Report: Sales tax parity needed with online merchants

On the heels of a new report, retailers are reiterating the importance of Congress passing legislation to even out tax policy between brick-and-mortar and online merchants.

The Small Business Administration Office of Advocacy released a new analysis on Tuesday showing that online retailers have routinely benefited at the expense of so-called Main Street vendors of varying sizes because states can't require the payment of Internet sales taxes.

"The uneven sales tax collection playing field in the current policy environment has helped many small online retailers at the expense of many small “Main Street” vendors," the report said.

"However, Main Street vendors — small and large alike — would continue to be disadvantaged relative to many online and mail-order vendors that would be protected by an [small seller exemption] SSE."

Under the Senate-passed legislation and House-released principles on the issue, the number of retailers that would be subject to the requirements of the Marketplace Fairness Act "is a very small fraction of all online sellers," the report found.

The Senate measure includes an exemption for business with less than $1 million in annual out-of-state sales.

David French, senior vice president at the National Retail Federation, said the report "confirms what local retailers have been saying for decades: the lack of a level playing field between brick-and-mortar stores and their online and remote competitors is blatantly uneven and unfair, and continues to place them at a competitive disadvantage."

“The $24 billion sales tax gap, which is expected to grow with the rise of online shopping, will continue to disadvantage local retailers and employers, threaten Main Street communities and neighborhoods, and put additional policy and political pressure on state and local officials to increase non-sales tax revenue, like property or income taxes, to compensate for the growth in online sales," French said.

But there is still plenty of opposition, including from eBay, which disagrees with the defintion of small business in the legislation.  

Brian Bieron, eBay’s executive director of global public policy, said the report does not offer a fresh perspective but, instead, "rehashes outdated studies that underestimate small business Internet commerce and fails to address the compliance and enforcement issues, including out-of-state audits and investigations, that continue to raise deep concerns with the Marketplace Fairness Act."

Proponents argue that those uncollected billions in sales taxes would help state and local economies balance their budgets.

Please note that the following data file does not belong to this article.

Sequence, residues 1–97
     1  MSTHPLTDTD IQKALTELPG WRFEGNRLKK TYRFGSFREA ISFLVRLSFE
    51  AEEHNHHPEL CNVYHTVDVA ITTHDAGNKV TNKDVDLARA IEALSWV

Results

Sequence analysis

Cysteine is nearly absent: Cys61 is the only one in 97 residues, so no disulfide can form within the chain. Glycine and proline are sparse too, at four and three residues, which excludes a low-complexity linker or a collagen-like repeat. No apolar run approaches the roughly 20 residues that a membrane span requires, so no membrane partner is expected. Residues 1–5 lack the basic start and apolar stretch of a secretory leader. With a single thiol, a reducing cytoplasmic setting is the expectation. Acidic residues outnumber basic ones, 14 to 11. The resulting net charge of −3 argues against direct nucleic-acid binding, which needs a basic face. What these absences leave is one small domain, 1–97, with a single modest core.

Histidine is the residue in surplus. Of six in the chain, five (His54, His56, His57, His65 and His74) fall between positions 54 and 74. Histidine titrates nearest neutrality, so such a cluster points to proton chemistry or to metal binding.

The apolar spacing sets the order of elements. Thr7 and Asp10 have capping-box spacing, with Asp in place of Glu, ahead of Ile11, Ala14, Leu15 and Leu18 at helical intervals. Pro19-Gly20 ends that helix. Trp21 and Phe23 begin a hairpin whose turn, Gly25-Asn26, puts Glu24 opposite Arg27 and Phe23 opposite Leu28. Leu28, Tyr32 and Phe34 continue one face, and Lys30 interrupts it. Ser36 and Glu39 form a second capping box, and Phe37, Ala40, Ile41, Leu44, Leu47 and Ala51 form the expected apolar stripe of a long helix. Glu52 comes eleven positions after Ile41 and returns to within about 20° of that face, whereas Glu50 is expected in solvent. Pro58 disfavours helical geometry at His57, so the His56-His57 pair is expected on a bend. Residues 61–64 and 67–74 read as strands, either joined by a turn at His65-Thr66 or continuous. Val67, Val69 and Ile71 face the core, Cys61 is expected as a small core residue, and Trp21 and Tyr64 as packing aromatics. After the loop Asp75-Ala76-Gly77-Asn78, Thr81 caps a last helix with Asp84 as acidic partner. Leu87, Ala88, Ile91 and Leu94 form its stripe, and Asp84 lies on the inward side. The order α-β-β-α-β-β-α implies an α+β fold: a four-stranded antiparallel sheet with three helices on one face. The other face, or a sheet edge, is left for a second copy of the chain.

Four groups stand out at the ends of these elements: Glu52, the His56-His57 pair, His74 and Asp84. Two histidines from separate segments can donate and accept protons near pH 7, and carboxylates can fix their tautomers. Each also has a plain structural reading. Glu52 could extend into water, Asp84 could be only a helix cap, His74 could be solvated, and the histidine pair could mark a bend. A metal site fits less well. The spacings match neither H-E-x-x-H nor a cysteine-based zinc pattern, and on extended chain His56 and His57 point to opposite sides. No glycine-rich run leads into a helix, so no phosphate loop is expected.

Overall, an SSE of $1 million would subject only a small share of business to the internet sales tax — less than 4.5 percent of electronic shopping and mail order houses and less than 2 percent of all non-store retailers, the report said.

However, the volume of sales transactions subject to the tax would represent 57 percent of total U.S. online retail sales. 

A higher SSE of $5 million would affect an even smaller share of online retailers, but the share of online sales affected would remain near 57 percent, the report showed.

“It simply doesn’t make sense for government to pick winners and losers in the economy by giving online-only sellers special treatment in the tax code,” said former SBA administrator Hector Barreto, a proponent of the legislation.

"This report confirms the need for Congress to level the playing field and give America’s small retailers a fair shot to compete in the free market."

The report also found that while an SSE provision would reduce administration and compliance costs for small online merchants it also would reduce the potential revenue gains to state and local governments by exempting a portion of online sales from taxation. 

“As retailers and merchants prepare for the all-important holiday shopping season, which NRF predicts will reach $602 billion this year, it is time for Congress to address this online tax loophole once and for all," French said.

He said that while Senate passage and the release of principles on the sales tax by House Judiciary Committee Chairman Bob Goodlatte (R-Va.) are positive developments "more must be done to level the playing field so all retailers can compete fairly and without bias."

Major retail chains are lobbying heavily for the legislation, arguing that current policy gives Internet-only firms an unfair advantage.

The Supreme Court has ruled that states cannot require a company to collect sales taxes when the company has no physical presence in the state.

This story has been updated.